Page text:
Friday, July 31, 2009

Things ya don't wanna know

With dozens of half-completed posts waiting to be finished, it seems the only thing I can post about is that which I least want to think about.

The first is an article in the usually waste-of-time Letter to Nagatacho section of the decreasingly interesting Japan Times:

On July 2 in Shinjuku, a 74-year-old American tourist walked into a police box to ask directions....

...The American asked where Kinokuniya bookstore was, and the older police officer responded by asking the tourist if he had a pocket knife. The American, being the law-abiding citizen that he is, said "yes" and handed it to the senior officer. After a quick measurement of the blade, the officer arrested the 74-year-old for having a pocket knife 1 cm over the legal limit...

...It's astounding that a tourist in Japan has more to fear from the Japanese government or national police force than the citizenry.
Japan Times

Once again, details are lacking. Once again, a Japanese newspaper publishes something with no attempt to investigate the facts. Hey, Japan Times...what are your reporters paid to do?*

If it is accurate, (certainly the last sentence is true) why was the man arrested for possessing a pocket knife? My recollection of the law which took effect on 4 July, is that it outlawed only double-edged dagger-type knives with blades of 5 cm or more in a lazy-assed attempt to convince citizens that clueless politicians and bureaucrats were seriously addressing problems which led to the Akihabara mass murder. Is there another law which restricts the carry of pocket knives? Could one carry a 15cm kitchen knife legally? What if one buys the kitchen knife at Tokyu and is carrying it somewhere to murder someone? Is that OK as long as the koban-sitter is not aware of the murder plans? If he is, would he take action? Why arrest a 74 year-old man? Because he is a foreigner? No, recently, the criminal justice system has been cracking down on the elderly. And to the letter writer---why are you using the term gaijin? (Sorry, noobi question I suppose. Gaijin is a neutral term for non-Japanese of European/Caucasian origin which has now magically expanded to include non-Japanese Asians and others---in theory and fantasy, at least.)

I am now trying to avoid the discrimination area, as there is plenty and it is not hard to find and experience. The longer I live here and the better my Japanese becomes, the more I notice the little subtle things as well as the larger points. However, I have found that dwelling on it tends to make one overly-sensitive and can lead to imagined slights. There's not much that can be done about it anyway at the personal, everyday level. We cannot live our lives for the ignorant.

The other article in the JT, concerns the new immigration reform which the kind, polite, and caring folks in the government created to make life better for bakagaijin.

In your wallet or somewhere at home, do you have a blue or pink card showing that you are enrolled in one of Japan's national health and pension programs? If not, and if you are thinking of extending your stay here, you may want to think about a recent revision to visa requirements for foreign residents. The changes, which the Justice Ministry says were made in order to "smooth out the administrative process," may have major consequences for foreign residents and their future in Japan.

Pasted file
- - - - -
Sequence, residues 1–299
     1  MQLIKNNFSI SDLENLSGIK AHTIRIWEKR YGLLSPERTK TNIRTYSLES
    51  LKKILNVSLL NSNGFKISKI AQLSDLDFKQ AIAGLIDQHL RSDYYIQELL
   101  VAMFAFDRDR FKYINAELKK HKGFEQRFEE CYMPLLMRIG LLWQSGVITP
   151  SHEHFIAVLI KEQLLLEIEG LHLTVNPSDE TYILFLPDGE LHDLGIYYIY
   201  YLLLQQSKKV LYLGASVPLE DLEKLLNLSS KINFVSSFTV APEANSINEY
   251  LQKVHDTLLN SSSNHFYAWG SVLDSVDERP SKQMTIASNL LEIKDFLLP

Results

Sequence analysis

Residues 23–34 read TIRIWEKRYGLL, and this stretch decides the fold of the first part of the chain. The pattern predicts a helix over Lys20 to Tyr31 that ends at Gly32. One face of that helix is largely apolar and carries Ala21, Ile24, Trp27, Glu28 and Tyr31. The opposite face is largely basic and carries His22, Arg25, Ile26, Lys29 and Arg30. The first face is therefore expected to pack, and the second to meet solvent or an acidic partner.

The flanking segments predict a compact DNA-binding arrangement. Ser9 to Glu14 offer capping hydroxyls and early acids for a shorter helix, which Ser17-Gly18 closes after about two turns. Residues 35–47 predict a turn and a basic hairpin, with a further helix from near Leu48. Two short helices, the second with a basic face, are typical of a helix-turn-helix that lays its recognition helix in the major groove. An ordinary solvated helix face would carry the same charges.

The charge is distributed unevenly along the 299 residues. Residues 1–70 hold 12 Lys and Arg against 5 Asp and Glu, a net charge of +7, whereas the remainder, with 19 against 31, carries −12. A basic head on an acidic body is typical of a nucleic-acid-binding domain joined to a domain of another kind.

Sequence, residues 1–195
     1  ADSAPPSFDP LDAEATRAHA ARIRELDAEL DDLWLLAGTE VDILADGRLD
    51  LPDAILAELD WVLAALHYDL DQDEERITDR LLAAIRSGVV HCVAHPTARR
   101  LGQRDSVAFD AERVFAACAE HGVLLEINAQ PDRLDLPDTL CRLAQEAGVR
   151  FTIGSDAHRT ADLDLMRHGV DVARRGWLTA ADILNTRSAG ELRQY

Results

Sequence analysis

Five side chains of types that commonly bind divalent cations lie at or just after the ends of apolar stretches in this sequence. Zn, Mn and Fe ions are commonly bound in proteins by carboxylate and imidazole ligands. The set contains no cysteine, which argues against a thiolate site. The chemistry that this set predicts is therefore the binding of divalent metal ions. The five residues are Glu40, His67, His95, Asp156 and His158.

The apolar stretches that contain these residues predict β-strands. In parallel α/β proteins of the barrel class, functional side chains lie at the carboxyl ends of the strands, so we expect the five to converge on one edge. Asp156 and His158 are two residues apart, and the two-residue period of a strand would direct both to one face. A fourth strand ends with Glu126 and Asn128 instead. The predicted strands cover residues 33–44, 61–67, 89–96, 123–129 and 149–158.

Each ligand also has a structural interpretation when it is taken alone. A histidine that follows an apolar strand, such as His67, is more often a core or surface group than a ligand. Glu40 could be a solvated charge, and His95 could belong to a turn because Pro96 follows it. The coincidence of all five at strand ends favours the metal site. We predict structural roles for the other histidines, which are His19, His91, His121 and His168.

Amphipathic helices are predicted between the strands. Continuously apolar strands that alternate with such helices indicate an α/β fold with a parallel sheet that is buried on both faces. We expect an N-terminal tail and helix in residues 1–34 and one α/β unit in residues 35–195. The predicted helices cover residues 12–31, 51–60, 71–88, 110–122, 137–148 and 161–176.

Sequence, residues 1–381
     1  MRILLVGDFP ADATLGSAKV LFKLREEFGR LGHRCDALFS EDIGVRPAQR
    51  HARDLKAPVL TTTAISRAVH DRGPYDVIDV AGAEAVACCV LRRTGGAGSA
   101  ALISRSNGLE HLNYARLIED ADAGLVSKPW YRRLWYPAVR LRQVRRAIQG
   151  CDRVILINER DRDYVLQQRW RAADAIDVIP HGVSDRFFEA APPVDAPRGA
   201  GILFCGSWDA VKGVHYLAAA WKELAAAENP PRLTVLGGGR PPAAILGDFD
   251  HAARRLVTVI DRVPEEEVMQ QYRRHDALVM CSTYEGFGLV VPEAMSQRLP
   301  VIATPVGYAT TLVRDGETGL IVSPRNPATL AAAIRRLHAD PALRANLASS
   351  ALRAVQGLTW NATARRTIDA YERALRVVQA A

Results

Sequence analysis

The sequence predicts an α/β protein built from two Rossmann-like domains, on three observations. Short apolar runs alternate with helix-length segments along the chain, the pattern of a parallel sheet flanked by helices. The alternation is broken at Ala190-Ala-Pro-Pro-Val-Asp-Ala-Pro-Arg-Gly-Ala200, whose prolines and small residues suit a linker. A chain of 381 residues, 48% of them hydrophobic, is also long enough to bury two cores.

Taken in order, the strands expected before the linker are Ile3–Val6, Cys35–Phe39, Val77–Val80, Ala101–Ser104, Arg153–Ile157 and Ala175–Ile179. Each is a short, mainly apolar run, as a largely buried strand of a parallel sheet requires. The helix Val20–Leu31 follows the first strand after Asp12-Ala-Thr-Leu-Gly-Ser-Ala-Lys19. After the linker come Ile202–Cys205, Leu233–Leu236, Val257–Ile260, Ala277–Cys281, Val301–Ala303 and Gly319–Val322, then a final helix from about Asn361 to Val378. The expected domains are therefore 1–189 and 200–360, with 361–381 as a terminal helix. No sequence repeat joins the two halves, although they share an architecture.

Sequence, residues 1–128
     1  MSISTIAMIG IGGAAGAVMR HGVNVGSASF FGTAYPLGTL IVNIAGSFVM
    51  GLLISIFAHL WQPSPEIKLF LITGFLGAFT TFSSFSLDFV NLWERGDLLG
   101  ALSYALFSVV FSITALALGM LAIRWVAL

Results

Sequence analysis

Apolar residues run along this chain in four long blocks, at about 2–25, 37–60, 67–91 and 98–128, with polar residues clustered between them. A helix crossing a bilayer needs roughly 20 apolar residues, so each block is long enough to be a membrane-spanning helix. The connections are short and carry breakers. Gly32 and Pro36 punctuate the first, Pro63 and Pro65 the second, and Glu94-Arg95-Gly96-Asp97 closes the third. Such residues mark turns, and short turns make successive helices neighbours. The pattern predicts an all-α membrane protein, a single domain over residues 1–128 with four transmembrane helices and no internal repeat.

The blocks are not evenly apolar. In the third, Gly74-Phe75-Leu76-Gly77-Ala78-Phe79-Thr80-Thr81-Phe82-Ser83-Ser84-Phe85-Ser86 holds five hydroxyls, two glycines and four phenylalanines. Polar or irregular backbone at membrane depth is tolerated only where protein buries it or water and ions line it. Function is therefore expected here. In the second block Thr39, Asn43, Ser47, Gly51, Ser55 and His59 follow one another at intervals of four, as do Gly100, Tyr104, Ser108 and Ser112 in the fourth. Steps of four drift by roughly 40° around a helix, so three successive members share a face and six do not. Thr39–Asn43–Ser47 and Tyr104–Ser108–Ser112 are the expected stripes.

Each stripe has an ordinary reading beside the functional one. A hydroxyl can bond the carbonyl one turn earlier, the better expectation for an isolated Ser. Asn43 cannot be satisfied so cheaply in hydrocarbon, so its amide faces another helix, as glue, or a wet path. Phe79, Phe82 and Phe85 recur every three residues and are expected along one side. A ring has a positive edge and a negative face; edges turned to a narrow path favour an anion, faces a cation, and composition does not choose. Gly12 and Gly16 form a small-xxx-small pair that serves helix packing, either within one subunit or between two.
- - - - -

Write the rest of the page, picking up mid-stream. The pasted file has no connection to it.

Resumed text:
Not so sure I object to this, since it is a Japanese law to be enrolled in health insurance. Some folks have managed to get coverage by private insurance in their home country at reasonable cost and have been able to opt out with evidence of the same in some wards---or so I have heard. Now, they will no longer have that option as Uncle Taro has decided to put immigration in the hands of the national government and remove it from those closest to the needs of immigrants.

The good point---maybe---is that those sleazeball companies which ignored the laws before and had non-Japanese on their payroll while not providing the required insurance may have to quit being sleazeballs that take advantage of workers. We can remember the eikaiwa factories such as Ber....Ber...(sorry, I cannot utter the name or I will vomit) that used various scams to avoid making sure their employees were covered in case of serious illness or injury in order to save a few yen.

*What has made the Japan Times an interesting newspaper in the past was the fact that it is not a member of the so-called press clubs and thus was free to publish articles critical of the sacred cows of Japan's establishment. I remember an excellent full page investigative report in early 1993, I believe, which was extremely critical of the Japan police and its response to rape victims, and non-Japanese victims of crime. I no longer see this type of reporting. Bershitz gets away with a "no comment" in every critical report of its polices. Japan Times investigate no further. We get garbage apparently published under the guise of giving "both sides" of an issue supporting racism and discrimination based on the group one belongs to. I suppose budget cuts may have contributed to this, but it ain't worth my ¥160 anymore, even if it were not available free on the Internut.

3:32pm edited to correct an error. JT is not a member of the press clubs.